An African-American and Latinx History of the United States: A Conversation with Paul Ortiz

Professor Ortiz will be at Powell’s Books on June 18th

for a book signing.

Professor Paul Ortiz is Associate Professor of History at the University of Florida and is Director of the Samuel Proctor Oral History Program.  Professor Ortiz has published and taught in the fields of African American history, Latino Studies, the African Diaspora, Social Movement Theory, U.S. History, U.S. South, labor, and documentary studies. He currently works with students in these and related fields.

He has written several books including Emancipation Betrayed: The Hidden History of Black Organizing and White Violence in Florida from Reconstruction to the Bloody Election of 1920 received the 1990 Harry T. and Harriette V. Moore Book Prize.

His latest book and our topic of discussion today is An African American and Latinx History of the United States. 

From Beacon Press:

“Incisive and timely, this bottom-up history, told from the interconnected vantage points of Latinx and African Americans, reveals the radically different ways that people of the diaspora have addressed issues still plaguing the United States today, and it offers a way forward in the continued struggle for universal civil rights.”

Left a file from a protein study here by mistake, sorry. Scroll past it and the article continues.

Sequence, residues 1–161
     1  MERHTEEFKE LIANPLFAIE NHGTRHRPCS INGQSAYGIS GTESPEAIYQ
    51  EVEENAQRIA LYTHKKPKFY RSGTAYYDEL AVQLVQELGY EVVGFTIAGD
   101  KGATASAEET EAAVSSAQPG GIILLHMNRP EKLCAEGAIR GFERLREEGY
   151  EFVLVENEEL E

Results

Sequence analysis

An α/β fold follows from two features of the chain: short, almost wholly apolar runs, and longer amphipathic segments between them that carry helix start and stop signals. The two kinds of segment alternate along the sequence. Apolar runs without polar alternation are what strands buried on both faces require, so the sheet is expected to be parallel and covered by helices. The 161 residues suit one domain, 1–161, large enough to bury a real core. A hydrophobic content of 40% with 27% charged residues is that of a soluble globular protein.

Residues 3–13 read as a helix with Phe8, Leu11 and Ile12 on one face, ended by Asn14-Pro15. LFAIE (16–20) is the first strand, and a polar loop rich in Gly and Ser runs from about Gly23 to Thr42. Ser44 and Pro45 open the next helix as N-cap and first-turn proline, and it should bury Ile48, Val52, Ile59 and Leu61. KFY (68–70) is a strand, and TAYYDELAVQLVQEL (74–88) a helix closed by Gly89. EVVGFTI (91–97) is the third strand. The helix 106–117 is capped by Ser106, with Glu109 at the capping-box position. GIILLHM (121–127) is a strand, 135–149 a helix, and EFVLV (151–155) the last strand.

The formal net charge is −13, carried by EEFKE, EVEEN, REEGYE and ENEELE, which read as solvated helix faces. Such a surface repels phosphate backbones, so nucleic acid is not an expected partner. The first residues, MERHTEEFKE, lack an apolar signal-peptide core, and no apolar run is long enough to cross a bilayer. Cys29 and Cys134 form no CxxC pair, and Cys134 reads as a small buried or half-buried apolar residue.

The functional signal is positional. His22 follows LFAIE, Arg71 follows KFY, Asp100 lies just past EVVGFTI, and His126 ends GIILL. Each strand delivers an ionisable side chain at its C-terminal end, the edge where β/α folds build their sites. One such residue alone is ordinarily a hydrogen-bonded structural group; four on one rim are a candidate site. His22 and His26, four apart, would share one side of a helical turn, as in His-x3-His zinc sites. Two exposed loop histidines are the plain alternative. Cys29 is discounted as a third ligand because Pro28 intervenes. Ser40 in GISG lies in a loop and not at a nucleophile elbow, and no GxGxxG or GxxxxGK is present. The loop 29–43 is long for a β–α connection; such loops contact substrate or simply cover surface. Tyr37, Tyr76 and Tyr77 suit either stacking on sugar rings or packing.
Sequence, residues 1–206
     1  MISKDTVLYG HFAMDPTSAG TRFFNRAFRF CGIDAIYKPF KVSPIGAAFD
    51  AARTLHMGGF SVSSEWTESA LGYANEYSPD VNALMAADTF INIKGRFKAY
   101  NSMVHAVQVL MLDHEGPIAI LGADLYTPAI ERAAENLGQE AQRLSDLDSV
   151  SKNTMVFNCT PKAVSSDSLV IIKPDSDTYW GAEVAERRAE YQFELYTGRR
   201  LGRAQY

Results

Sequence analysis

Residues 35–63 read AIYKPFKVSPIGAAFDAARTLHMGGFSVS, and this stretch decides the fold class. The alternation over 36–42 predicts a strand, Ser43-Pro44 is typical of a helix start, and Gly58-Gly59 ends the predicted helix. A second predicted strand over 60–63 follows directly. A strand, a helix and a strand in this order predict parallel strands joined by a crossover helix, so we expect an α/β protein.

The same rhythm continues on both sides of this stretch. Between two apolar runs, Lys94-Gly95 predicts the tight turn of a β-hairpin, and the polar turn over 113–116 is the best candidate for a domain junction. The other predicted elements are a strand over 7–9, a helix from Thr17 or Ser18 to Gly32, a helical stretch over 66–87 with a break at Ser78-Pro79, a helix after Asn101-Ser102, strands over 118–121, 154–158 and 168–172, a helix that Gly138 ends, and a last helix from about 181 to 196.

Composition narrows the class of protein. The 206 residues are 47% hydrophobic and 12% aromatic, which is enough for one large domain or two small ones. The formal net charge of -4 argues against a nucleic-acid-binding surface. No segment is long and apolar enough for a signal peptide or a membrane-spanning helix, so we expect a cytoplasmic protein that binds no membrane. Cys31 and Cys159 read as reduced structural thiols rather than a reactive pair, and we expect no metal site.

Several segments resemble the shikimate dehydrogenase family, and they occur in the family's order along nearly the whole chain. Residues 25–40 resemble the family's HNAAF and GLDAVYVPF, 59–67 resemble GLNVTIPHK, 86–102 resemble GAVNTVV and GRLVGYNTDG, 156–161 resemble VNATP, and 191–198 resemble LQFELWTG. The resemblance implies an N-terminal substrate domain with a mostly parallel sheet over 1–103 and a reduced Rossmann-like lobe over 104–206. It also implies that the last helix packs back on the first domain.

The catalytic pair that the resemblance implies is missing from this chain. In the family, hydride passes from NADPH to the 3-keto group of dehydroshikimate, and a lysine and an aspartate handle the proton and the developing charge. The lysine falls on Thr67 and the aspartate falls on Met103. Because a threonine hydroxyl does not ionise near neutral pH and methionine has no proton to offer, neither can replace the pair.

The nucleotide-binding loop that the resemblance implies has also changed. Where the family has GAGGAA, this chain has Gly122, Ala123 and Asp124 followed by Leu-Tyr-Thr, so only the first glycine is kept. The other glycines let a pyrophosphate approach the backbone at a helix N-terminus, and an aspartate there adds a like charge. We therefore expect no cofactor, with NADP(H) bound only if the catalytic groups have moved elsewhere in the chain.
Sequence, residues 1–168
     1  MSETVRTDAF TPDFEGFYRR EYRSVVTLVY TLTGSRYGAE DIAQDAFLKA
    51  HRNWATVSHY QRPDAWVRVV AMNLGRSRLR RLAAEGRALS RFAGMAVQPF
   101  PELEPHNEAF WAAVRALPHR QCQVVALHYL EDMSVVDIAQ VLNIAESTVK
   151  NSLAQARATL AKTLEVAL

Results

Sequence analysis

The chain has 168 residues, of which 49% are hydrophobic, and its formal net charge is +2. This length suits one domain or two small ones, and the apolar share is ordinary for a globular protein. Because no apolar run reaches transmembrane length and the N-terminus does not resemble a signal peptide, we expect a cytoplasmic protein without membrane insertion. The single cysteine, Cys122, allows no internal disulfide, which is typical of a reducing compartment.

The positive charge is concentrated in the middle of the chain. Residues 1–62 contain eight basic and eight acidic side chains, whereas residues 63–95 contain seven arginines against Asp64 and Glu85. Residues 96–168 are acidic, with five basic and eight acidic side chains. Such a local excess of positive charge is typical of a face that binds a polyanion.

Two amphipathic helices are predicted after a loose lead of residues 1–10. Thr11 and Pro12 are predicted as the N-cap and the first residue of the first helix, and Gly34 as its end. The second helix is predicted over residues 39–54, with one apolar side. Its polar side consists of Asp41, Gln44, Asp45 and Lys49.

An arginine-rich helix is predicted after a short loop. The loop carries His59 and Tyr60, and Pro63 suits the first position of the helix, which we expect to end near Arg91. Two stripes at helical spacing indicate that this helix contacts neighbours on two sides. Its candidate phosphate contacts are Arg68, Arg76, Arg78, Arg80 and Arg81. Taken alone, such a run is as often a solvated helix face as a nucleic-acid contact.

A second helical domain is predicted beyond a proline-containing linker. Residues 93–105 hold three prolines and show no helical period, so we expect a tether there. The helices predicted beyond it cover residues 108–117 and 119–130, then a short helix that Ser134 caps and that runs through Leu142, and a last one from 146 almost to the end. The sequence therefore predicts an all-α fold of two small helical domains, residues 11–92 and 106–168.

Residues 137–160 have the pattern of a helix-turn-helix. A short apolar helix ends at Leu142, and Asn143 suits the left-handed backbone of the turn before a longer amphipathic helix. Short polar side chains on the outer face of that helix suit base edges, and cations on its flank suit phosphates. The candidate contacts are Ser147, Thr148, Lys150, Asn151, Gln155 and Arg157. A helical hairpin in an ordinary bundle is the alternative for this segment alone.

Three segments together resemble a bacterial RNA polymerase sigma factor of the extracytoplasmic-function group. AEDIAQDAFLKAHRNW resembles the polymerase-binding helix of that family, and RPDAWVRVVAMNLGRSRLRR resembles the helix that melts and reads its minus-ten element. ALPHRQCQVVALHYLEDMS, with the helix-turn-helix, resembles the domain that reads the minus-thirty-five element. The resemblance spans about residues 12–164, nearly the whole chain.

BC 23 Paul Ortiz

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I Will Not Fear: Melba Beals of the Little Rock Nine

In 1957, Melba Patillo Beals, was one of nine African-American high school students chosen to integrate Central High School in Little Rock, Arkansas. She became a journalist, professor, author, and at the age of 52 adopted twin sons. In her book, I Will Not Fear: My Story of a Lifetime of Building Faith Under Fire, she tells her life story and how the faith she received from her grandmother grew and became her source of strength and inspiration.

In the interview, she takes us back to Little Rock in 1957. She recounts the hostility of the white mob, the overt and violent racism she encountered, and the ‘angels’ who helped her along the way.

PS 107 Melba photo